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The Republic of Ireland manager will have more confidence in the depth of his squad after a determined display against the Azzurri at Craven Cottage

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By Ronan Murphy

The injury sustained by Riccardo Montolivo against the Republic of Ireland at Craven Cottage on Saturday leaves Italy boss Cesare Prandelli with plenty to ponder ahead of the World Cup, but his counterpart in the other dugout also has much to consider after his side held the Azzurri to a scoreless draw.

Martin O'Neill spent much of his pre-match preparation answering questions on the future of assistant manager Roy Keane, but can now look forward to a brighter future followng his side's competitive display away from the distraction of off-field events. Ahead of the Italy game, Ireland's performances had been lacklustre, but the showing at Craven Cottage means that the team itself is finally worth talking about, regardless of any possible staff changes.

After a nervy opening 15 minutes at the neutral venue, the Boys in Green settled into the game, and repeatedly tested the Italian rearguard with confident attacking play. In a dramatic change from the tenure of Giovanni Trapattoni, O'Neill encourages his full-backs to get forward and support the wingers, and this tactic is beginning to bear fruit as it successfully caused the Italians to retreat.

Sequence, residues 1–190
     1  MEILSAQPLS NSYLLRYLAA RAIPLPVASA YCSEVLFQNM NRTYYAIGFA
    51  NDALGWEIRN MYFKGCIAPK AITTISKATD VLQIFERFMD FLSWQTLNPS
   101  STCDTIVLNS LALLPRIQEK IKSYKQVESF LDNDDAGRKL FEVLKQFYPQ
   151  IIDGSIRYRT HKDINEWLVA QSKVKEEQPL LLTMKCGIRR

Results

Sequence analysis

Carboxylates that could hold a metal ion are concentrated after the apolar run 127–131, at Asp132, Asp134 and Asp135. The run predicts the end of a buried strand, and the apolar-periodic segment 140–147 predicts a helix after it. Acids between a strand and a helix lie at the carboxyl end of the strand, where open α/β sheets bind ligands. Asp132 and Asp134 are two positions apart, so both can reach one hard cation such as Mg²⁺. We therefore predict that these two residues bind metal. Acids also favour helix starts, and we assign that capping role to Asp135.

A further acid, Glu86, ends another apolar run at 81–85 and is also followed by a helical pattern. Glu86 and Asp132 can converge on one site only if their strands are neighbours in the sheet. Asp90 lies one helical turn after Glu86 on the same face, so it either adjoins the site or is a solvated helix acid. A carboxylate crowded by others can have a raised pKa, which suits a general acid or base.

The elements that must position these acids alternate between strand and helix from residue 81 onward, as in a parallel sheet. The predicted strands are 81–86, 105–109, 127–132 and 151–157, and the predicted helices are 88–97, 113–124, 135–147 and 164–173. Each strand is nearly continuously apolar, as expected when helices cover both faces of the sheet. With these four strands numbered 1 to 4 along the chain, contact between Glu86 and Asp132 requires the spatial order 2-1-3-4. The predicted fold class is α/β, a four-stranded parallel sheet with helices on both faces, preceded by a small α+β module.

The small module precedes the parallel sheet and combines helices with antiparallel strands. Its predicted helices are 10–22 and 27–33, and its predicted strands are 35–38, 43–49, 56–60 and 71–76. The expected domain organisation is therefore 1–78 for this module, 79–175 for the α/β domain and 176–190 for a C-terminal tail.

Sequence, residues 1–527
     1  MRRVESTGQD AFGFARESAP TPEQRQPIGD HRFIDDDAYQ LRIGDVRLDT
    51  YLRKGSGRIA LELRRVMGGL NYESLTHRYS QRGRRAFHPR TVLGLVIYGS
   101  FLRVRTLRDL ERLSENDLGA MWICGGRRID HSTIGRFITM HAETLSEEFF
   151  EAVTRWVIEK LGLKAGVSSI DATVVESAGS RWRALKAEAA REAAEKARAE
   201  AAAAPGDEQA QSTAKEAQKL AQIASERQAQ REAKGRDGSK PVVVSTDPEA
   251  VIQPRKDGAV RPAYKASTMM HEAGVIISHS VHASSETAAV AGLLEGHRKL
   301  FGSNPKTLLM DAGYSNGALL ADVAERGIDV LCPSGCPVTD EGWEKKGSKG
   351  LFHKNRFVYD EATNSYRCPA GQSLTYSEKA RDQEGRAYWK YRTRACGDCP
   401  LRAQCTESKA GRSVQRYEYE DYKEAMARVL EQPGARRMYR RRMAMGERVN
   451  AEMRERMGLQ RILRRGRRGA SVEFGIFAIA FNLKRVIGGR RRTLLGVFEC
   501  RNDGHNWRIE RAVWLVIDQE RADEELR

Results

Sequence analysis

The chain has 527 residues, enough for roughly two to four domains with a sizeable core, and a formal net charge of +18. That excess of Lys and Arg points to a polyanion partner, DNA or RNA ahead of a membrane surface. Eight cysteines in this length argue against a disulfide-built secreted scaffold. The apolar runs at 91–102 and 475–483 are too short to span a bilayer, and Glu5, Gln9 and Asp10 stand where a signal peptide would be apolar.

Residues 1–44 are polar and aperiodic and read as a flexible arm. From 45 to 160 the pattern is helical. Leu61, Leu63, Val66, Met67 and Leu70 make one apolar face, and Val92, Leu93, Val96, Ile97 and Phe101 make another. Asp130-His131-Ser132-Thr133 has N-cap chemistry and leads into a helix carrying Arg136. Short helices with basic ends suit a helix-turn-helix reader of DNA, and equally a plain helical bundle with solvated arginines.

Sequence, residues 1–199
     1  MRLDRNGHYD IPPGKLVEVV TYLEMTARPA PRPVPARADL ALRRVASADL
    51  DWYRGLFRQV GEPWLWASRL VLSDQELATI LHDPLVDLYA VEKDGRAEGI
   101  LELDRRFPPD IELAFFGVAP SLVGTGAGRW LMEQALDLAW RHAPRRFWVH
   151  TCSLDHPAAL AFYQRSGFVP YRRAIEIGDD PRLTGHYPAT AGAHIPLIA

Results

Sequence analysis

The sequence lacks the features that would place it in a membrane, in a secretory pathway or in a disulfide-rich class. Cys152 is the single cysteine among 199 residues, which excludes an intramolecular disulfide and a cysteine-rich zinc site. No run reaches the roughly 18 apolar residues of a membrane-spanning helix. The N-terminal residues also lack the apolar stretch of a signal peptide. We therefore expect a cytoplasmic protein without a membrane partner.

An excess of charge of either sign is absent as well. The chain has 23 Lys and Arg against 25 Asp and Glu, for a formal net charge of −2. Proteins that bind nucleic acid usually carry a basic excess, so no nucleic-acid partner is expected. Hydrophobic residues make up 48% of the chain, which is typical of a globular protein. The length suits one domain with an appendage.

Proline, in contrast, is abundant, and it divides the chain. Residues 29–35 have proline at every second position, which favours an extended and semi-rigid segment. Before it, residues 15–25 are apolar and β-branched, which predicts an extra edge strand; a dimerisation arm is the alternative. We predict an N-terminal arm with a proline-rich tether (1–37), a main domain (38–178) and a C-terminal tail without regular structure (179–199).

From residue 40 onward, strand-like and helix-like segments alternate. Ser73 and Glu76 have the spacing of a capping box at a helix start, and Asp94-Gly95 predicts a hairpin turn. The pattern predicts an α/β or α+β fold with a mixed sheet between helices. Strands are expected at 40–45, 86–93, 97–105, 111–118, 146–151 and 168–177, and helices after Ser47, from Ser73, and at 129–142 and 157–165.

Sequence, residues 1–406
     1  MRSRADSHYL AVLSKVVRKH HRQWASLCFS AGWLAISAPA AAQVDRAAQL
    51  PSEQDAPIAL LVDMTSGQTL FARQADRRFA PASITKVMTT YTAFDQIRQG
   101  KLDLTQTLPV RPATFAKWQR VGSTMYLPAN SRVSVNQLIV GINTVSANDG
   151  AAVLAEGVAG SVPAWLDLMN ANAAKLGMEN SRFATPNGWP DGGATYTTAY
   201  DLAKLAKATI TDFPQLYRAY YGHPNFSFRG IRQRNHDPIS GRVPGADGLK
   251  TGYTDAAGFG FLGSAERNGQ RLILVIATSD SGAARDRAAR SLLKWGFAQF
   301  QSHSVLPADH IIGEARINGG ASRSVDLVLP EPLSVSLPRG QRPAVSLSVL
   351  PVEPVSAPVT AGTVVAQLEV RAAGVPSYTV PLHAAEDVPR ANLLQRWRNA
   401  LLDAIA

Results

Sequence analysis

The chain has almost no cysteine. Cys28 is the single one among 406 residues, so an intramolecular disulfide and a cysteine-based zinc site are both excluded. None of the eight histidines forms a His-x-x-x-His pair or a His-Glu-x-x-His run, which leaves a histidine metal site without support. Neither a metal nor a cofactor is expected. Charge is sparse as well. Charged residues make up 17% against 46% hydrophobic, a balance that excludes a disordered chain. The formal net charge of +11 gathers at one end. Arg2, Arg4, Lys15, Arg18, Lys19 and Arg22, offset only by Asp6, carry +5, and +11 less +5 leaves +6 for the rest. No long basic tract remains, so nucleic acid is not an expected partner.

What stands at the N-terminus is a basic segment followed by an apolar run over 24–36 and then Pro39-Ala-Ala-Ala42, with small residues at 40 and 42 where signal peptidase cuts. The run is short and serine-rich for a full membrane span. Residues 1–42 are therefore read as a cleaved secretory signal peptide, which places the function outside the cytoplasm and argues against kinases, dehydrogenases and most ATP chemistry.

Prandelli's narrow gameplan allowed Aiden McGeady and Anthony Pilkington to flourish, with the latter offering enough to move above James McClean in the pecking order for a starting position in the qualification campaign for Euro 2016. O'Neill singled out the widemen after the game, reserving special praise for McGeady and McClean. "McGeady tonight was sensational," O'Neill told Premier Sports. "James McClean came on with 20 minutes to go and had a fantastic time."


                      POSITIVE PILKINGTON | The Norwich City winger put in a remarkable performance

The experimental midfield duo of David Meyler and Jeff Hendrick more than matched their Italian opponents, with both players putting in hard-working shifts and testing goalkeeper Salvatore Sirigu.

O'Neill was buoyant at the end of the match, claiming that his side were "absolutely phenomenal" against the Italians. "We had many chances, could have scored a few goals. Honestly I thought we were magnificent," he beamed. However, the 62-year-old's infectious assessment of the game should be tempered, for, while the Irish performance was arguably one of the best in recent times, a lack of killer instinct was frustratingly evident, with Shane Long failing to add to his international goal tally once again.

Simon Cox offered a different dimension off the bench and played well during his cameo, while Jon Walters' showing last weekend against Turkey indicated that he could be a better option up front than the Hull City striker. However, neither player has the same predatory instinct that Robbie Keane has - leaving Ireland impotent in his absence.

Saturday's slick attacking performance showed that the Boys in Green are capable of creating multiple goalscoring chances. With a confident goalscorer up front, O'Neill's charges should be able to find the net more regularly.

The Italy performance provides a platform to build on, with the two friendlies in the United States the perfect opportunity to help shape the team ahead of the qualifiers - with or without Roy Keane.

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